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The financial trilemma in China and a comparative analysis with India

  • Aizenman, Joshua
  • Sengupta, Rajeswari

A key challenge facing most emerging market economies today is how to simultaneously maintain monetary independence, exchange rate stability and financial integration subject to the constraints imposed by the Trilemma, in an era of widespread globalization. In this paper we overview and contrast the Trilemma policy choices and tradeoffs faced by the two key drivers of global economic growth-China and India. China’s Trilemma configurations are unique relative to other emerging markets in the predominance of exchange rate stability, and in the failure of the Trilemma regression to capture a consistently significant role for financial integration. In contrast, the Trilemma configurations of India are in line with choices made by other emerging countries. India like other emerging economies has overtime converged towards a middle ground between the three policy objectives, and has achieved comparable levels of exchange rate stability and financial integration buffered by sizeable international reserves.

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Paper provided by University Library of Munich, Germany in its series MPRA Paper with number 39798.

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Date of creation: 01 Nov 2011
Date of revision: 03 Jul 2012
Handle: RePEc:pra:mprapa:39798
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  1. Aizenman, Joshua & Chinn, Menzie D. & Ito, Hiro, 2011. "Surfing the waves of globalization: Asia and financial globalization in the context of the trilemma," Journal of the Japanese and International Economies, Elsevier, vol. 25(3), pages 290-320, September.
  2. Joshua Aizenman & Menzie D. Chinna & Hiro Ito, 2010. "The Financial Crisis, Rethinking of the Global Financial Architecture, and the Trilemma," Working Papers id:3138, eSocialSciences.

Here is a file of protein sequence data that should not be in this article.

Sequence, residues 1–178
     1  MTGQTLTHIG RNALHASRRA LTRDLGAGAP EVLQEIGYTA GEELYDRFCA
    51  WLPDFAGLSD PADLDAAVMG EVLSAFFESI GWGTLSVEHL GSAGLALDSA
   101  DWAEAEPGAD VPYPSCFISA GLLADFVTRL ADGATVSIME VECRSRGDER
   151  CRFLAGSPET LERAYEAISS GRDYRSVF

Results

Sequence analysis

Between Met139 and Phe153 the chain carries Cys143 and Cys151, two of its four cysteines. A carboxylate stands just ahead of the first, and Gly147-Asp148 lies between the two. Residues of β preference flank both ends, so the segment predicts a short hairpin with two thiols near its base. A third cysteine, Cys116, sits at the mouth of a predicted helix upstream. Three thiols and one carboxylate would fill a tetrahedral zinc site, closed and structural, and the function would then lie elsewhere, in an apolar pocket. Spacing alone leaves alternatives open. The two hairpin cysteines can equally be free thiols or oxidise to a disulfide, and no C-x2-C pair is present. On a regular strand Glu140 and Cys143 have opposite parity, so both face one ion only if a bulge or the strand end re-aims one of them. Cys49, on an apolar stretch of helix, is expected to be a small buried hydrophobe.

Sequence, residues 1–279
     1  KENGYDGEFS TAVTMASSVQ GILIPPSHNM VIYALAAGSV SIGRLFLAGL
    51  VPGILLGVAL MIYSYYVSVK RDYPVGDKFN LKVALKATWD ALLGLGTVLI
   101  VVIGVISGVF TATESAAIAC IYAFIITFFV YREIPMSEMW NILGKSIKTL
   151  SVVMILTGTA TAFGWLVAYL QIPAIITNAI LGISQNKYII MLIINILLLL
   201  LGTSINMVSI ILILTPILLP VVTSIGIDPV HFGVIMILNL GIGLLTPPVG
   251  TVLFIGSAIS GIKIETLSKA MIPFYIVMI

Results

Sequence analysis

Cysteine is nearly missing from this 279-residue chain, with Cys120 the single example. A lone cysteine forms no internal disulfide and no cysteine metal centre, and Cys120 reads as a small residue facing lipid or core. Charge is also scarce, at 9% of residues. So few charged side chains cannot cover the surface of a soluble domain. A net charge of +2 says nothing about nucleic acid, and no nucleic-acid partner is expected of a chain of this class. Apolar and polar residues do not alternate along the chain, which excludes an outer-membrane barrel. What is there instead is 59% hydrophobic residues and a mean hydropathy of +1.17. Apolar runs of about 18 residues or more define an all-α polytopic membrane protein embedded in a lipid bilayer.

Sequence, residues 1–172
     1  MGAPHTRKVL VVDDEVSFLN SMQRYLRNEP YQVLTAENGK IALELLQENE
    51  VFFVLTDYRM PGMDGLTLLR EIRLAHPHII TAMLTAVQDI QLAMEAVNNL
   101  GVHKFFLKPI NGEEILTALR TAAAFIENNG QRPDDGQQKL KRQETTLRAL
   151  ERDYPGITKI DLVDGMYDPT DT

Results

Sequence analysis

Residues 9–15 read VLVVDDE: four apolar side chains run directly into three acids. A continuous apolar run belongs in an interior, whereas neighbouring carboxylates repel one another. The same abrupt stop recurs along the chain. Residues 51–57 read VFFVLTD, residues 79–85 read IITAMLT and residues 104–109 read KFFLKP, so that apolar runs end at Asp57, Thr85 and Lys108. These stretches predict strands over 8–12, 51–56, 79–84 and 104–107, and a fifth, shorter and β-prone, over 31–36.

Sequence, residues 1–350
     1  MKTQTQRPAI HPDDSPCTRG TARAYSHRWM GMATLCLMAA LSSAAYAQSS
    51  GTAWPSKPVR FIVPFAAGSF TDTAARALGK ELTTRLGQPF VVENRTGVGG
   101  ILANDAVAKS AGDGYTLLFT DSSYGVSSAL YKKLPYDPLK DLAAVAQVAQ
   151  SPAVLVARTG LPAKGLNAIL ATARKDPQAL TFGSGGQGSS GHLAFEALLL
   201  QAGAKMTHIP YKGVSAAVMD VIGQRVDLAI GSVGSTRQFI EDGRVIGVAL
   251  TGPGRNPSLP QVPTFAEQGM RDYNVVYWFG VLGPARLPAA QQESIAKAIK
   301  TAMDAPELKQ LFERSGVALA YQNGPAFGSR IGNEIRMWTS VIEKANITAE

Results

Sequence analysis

3. Obstfeld, Maurice & Shambaugh, Jay C & Taylor, Alan M., 2008. "Financial Stability, the Trilemma, and International Reserves," CEPR Discussion Papers 6693, C.E.P.R. Discussion Papers.
  4. Joshua Aizenman & Reuven Glick, 2008. "Sterilization, Monetary Policy, and Global Financial Integration," NBER Working Papers 13902, National Bureau of Economic Research, Inc.
  5. Reuven Glick & Michael Hutchison, 2008. "Navigating the Trilemma: Capital Flows and Monetary Policy in China," Working Papers 252008, Hong Kong Institute for Monetary Research.
  6. Sebastian Edwards & Eduardo Levy Yeyati, 2004. "Flexible Exchange Rates as Shock Absorbers," Business School Working Papers exchangerates, Universidad Torcuato Di Tella.
  7. Michael Hutchison & Jake Kendall & Gurnain Pasricha & Nirvikar Singh, 2009. "Indian Capital Control Liberalization : Evidence from NDF Markets," Finance Working Papers 22971, East Asian Bureau of Economic Research.
  8. Ila Patnaik & Ajay Shah & Anmol Sethy & Vimal Balasubramaniam, 2010. "The exchange rate regime in Asia : From Crisis to Crisis," Finance Working Papers 21852, East Asian Bureau of Economic Research.
  9. S. Mahendra Dev, 2008. "India," Chapters, in: Handbook on the South Asian Economies, chapter 1 Edward Elgar.
  10. Prema-chandra Athukorala, 2009. "Outward Direct Investment from India," Departmental Working Papers 2009-14, The Australian National University, Arndt-Corden Department of Economics.
  11. Shah, Ajay, 2008. "New issues in Indian macro policy," Working Papers 08/51, National Institute of Public Finance and Policy.
  12. R. Kohli, 2012. "India’s Experience in Navigating the Trilemma : Do Capital Controls Help?," Governance Working Papers 23184, East Asian Bureau of Economic Research.
  13. ChangJin Kim & Jong-Wha Lee, 2008. "Exchange Rate Regime And Monetary Policy Independence In East Asia," Pacific Economic Review, Wiley Blackwell, vol. 13(2), pages 155-170, 05.
  14. Vladimir Sokolov & Byung‐Joo Lee & Nelson C. Mark, 2011. "Linkages Between Exchange Rate Policy And Macroeconomic Performance," Pacific Economic Review, Wiley Blackwell, vol. 16(4), pages 395-420, October.
  15. Michael Hutchison & Rajeswari Sengupta & Nirvikar Singh, 2012. "India’s Trilemma: Financial Liberalisation, Exchange Rates and Monetary Policy," The World Economy, Wiley Blackwell, vol. 35(1), pages 3-18, 01.
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